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TitleNew grid of Arctic bathymetry aids scientists and mapmakers
AuthorJakobsson, M; Cherkis, N; Woodward, J; Macnab, R; Coakley, B
SourceEarth in Space vol. 12, no. 6, 2000 p. 8-12
Alt SeriesGeological Survey of Canada, Contribution Series 1999291
RelatedThis publication is reprinted from New grid of Arctic bathymetry aids scientists and mapmakers
Subjectseducational geology; bathymetry; data collections; field data methods; data base management systems; computer mapping; mapping techniques
Illustrationslocation maps; bathymetric profiles
Released2000 01 01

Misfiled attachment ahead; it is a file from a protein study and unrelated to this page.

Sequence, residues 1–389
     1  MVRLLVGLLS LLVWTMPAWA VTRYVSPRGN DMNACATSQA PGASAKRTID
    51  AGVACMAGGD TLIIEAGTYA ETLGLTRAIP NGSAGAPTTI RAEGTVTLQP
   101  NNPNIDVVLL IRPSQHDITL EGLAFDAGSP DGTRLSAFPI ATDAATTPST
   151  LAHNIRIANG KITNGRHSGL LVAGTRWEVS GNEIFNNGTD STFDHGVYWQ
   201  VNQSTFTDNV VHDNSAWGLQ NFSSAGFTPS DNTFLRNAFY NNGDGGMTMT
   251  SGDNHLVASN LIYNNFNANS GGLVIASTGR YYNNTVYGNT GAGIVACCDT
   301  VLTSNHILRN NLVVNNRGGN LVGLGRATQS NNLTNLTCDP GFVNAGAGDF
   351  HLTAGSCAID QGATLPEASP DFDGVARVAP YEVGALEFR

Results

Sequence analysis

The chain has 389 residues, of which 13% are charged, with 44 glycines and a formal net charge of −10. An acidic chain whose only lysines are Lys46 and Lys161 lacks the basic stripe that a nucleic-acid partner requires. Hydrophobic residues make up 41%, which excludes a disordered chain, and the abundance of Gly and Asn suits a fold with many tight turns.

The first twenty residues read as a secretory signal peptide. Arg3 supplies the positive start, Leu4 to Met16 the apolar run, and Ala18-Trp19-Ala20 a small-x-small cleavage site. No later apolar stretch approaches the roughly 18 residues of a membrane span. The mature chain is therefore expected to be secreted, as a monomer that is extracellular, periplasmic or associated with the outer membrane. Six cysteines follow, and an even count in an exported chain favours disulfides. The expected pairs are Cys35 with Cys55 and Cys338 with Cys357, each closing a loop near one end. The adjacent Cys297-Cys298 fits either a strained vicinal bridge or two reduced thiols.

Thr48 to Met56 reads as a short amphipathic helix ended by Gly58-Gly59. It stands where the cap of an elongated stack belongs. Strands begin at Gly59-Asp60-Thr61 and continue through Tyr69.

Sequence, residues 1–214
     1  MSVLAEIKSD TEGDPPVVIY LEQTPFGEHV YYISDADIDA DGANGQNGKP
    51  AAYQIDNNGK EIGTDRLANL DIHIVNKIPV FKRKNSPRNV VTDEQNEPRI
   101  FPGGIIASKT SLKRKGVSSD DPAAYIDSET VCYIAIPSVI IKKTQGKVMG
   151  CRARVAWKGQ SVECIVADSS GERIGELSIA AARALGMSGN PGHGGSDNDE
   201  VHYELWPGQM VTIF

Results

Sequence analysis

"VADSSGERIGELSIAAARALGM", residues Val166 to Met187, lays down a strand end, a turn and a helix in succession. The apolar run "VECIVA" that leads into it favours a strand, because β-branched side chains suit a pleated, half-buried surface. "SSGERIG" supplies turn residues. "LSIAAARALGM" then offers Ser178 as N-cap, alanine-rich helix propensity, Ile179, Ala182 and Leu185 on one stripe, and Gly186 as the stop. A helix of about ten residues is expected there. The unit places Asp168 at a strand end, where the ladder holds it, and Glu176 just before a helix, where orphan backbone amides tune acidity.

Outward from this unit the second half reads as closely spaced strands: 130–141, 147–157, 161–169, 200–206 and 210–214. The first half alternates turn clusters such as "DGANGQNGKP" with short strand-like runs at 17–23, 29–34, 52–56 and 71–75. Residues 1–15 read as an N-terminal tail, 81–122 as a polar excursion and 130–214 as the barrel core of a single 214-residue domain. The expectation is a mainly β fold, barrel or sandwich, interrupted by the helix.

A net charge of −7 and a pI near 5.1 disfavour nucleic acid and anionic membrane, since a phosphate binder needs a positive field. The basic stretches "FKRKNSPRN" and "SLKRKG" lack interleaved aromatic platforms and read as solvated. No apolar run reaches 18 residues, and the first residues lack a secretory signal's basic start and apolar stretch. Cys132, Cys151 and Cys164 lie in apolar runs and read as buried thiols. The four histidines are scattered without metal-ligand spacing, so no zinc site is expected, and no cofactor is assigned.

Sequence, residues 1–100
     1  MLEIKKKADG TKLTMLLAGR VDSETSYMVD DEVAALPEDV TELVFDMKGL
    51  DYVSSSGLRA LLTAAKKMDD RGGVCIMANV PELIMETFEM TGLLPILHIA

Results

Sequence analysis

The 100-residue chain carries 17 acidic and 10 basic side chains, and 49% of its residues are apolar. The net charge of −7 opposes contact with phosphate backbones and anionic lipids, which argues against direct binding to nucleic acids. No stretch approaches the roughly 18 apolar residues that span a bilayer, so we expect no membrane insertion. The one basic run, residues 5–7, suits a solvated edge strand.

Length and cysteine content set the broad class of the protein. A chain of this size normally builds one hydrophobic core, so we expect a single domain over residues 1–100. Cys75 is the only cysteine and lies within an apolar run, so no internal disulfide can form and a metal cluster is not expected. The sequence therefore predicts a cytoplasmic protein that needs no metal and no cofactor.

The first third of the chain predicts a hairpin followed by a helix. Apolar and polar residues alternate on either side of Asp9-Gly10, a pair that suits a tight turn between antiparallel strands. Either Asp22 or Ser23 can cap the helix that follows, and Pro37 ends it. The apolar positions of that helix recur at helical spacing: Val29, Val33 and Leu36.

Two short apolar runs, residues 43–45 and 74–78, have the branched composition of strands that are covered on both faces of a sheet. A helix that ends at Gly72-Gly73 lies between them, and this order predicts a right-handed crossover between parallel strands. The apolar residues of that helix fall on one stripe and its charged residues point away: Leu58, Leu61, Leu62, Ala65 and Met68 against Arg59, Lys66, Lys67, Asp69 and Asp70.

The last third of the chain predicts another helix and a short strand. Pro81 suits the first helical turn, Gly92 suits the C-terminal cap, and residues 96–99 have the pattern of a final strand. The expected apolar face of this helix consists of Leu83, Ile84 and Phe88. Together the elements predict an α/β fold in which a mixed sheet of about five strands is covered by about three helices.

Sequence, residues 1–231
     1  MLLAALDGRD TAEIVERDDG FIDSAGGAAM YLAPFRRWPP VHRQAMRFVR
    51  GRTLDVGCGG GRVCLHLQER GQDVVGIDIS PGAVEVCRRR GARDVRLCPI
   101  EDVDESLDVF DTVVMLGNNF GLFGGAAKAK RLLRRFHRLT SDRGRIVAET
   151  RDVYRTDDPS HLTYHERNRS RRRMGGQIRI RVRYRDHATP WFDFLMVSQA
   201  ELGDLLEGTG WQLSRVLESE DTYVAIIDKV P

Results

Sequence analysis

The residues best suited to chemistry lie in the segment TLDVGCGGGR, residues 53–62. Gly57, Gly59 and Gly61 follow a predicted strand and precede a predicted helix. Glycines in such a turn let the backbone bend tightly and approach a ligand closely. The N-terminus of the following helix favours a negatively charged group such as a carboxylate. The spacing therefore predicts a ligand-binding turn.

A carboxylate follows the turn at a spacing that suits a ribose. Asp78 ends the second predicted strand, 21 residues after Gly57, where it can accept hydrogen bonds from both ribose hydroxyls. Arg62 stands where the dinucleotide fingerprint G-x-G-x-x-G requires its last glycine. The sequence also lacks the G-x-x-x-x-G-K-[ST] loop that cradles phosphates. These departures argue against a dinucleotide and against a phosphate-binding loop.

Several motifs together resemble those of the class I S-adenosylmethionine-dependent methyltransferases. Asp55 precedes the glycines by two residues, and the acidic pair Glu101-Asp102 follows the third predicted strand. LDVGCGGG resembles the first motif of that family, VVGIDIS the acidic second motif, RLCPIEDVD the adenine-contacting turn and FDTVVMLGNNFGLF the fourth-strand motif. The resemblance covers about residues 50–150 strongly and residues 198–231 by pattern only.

AbstractFor over two decades, Sheet 5.17 of the Fifth Edition of the General Bathymetric Chart of the Oceans (GEBCO) [Canadian Hydrographic Service, 1979] has been considered the authoritative portrayal of the sea floor north of 64 N.This sheet was constructed from publicly available bathymetric data sets, which in the late 1970s were rather sparse, consisting almost entirely of underway measurements collected from ice-breakers, drifting ice islands, and point measurements obtained along snow-mobile tracks or using air support. Data coverage tended to be fairly good at lower latitudes where ice cover was not a hindrance, but at higher latitudes, where ice was more prevalent, major features such as the Amerasian and Eurasian Basins were not well delineated. This situation posed problems not only for expedition planners but also for scientific investigators, who needed an accurate description of the sea floor to design field experiments and to link their research with processes affecting or affected by the shape of the seabed (for example, sea level change, ocean circulation, sediment transport,seafloor spreading, and Pleistocene glaciation). An improved bathymetric map of the Arctic has long been perceived as essential to scientific undertakings in the region, including seafloor sampling. Such a map can now be constructed from a modern assemblage of digital information that has been integrated in a coherent manner: historic and recent under-ice soundings collected by submarines of the U.S. and British Royal Navies, historic and recent observations collected on icebreakers and ice camps, and information portrayed in newly published navigation and compilation charts.

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